In Kaepernick’s case, as an individual reflection of the brand’s values, Nike has always advocated the idea of commitment, pride, passion, taking a risk and following a path that is true to who you are. It has championed athletes, and often the specific challenges that they have faced in their careers as individuals, and through that connected to different audiences. This is contemporary brand marketing.
However this particular campaign is also risky because it is much, much bigger than Nike. Bigger than sport. The brand is engaging with a hugely complex issue. It is an issue that touches on American history as well as American values. It is not about institutional racism, freedom of speech, civil liberties. It is about all of that and more. So this is dangerous, but also, important territory. The campaign has polarized consumers because the original issue polarized the public. Many Americans feel that Kaepernick’s stand was unpatriotic, disrespectful and anti-American rather than anti-racist.
There is also enormous risk in Nike taking on this issue and being found to be hypocritical. If people accused Nike of racism, sexism or showed the business to be unethical in the way it treats people, this could result in long-term reputational damage. Nike is a huge sprawling mass of individuals. It has enormous supply chains and operations that stretch the length and breadth of the planet. Across this business it is possible, actually it is highly probable, that there are individuals who do not behave in a way that is represented through the Nike brand. This again plays to the difference between a business taking up a cause and an individual doing the same.
There is also risk in overexposure – so far the campaign is estimated to have generated at least $43m worth of media coverage and the internet is awash with conversation about the “controversy”. The campaign has now generated so much noise that it is being hacked by people who see this as a platform to have some fun, or are taking their own stand.
If the message becomes appropriated by a much larger audience, there is a risk that this could undermine, not just the intent of the Kaepernick campaign, but also that of the Just Do It celebration. We know that the days where “no publicity is bad publicity” are gone and the investment in a big idea, targeted at specific audiences can easily come undone. And brands are fair game when it comes to attempts to connect through challenging or innovative communications campaigns. We’ve seen the fall-out from Gary Lineker Walkers crisps meme and of course Boaty McBoatface. If you search “Nike just do it” today, you will see that the campaign has gained notoriety, acclaim, but also hundreds of thousands of new interpretations.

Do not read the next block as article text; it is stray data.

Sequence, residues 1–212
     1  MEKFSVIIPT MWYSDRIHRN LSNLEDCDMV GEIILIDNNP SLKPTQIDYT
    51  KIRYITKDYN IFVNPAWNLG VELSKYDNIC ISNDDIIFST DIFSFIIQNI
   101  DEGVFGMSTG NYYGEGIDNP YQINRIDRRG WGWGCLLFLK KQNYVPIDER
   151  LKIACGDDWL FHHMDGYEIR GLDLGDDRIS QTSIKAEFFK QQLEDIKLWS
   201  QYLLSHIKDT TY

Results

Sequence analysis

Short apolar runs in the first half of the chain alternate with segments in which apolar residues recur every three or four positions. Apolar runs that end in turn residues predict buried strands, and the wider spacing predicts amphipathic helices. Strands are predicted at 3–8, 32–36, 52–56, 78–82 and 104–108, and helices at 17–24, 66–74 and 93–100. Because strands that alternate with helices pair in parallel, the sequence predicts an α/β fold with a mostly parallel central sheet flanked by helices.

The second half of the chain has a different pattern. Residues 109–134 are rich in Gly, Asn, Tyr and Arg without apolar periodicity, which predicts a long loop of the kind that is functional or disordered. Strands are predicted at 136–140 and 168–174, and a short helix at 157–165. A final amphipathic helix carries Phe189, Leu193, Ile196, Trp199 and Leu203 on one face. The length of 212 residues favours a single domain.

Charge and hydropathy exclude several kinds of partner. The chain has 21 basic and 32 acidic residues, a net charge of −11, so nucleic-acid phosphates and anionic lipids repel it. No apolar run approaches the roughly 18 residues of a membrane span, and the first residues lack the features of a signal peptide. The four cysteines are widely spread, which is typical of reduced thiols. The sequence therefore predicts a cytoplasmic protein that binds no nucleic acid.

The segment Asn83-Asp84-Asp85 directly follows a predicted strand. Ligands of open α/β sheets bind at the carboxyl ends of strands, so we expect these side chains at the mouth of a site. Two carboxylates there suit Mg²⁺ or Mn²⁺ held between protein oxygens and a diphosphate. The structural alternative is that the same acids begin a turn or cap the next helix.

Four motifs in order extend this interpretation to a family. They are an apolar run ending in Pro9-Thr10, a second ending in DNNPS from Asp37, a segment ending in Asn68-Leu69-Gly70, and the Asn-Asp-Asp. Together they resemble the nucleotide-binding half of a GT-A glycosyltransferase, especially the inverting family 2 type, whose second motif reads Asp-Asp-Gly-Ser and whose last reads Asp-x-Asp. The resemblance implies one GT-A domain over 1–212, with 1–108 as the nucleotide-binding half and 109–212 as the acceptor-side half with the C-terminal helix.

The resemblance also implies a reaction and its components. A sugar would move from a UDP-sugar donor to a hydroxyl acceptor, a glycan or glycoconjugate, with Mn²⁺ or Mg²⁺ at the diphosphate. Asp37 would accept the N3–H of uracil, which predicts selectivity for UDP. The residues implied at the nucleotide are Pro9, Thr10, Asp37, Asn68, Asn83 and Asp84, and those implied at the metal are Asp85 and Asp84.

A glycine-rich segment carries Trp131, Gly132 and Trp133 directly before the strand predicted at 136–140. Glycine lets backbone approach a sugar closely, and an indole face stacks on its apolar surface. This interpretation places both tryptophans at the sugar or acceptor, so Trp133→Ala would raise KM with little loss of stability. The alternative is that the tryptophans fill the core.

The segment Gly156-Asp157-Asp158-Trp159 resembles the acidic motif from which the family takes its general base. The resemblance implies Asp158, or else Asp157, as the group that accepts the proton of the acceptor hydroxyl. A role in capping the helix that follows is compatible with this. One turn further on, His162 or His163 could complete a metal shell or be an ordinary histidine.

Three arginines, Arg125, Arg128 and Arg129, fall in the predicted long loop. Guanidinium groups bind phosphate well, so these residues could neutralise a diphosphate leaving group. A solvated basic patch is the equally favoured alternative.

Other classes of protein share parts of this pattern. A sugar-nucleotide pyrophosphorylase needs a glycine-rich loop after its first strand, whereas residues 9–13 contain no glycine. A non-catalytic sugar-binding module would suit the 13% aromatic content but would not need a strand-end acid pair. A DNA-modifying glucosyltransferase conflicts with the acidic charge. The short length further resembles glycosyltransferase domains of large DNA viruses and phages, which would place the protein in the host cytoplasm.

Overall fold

Nike will have done its homework on any potential damage that this campaign could cause
Nike’s campaign risks alienating some audiences in the US who disagree with the message, but it will also have been a calculated risk. Nike has a track record of backing new talent, outsiders, and individuals who have polarized opinion – it will have done its homework on any potential damage that this campaign could cause.
Ultimately, Nike has made a strategic decision about what matters to its core and future audience. As with any celebrity endorsement, it has aligned with an ambassador that represents its brand idea but critically connects that idea to its core target audience. Nike has made a decision about the relative value of the audiences that will take umbrage with the campaign, and those who will feel it connects with them. As well as adopting a position that highlights an important issue, it has made a bet on an audience.
Nike may well have taken into consideration the likelihood that the audience that disagrees with its message will be less likely to publicize their dissent. Those disagreeing may also be more likely to forgive and forget – and perhaps have changed their opinion as a result of the campaign.
Aside from audience split, they have certainly done their research. Last year, Kaepernick’s football shirts were at number 39 in the NFL Players Association’s official NFL merchandize top-50 list. Also, the timing of the campaign suggests that this was a considered move: it was released on US Labor day just as the NFL’s new season was about to begin.
Overall the Nike campaign is a great move. It lights a fire under the brand, as well as the issue. It shows that brands can and should get involved in issues beyond their core business. It demonstrates the opportunity for brands to grow by doing good.
Ben Hayman is managing partner of Given, a brand purpose agency that helps businesses grow by doing good: www.givenlondon.com
Colin Kapearnick Nike NFL advertising purpose business ethics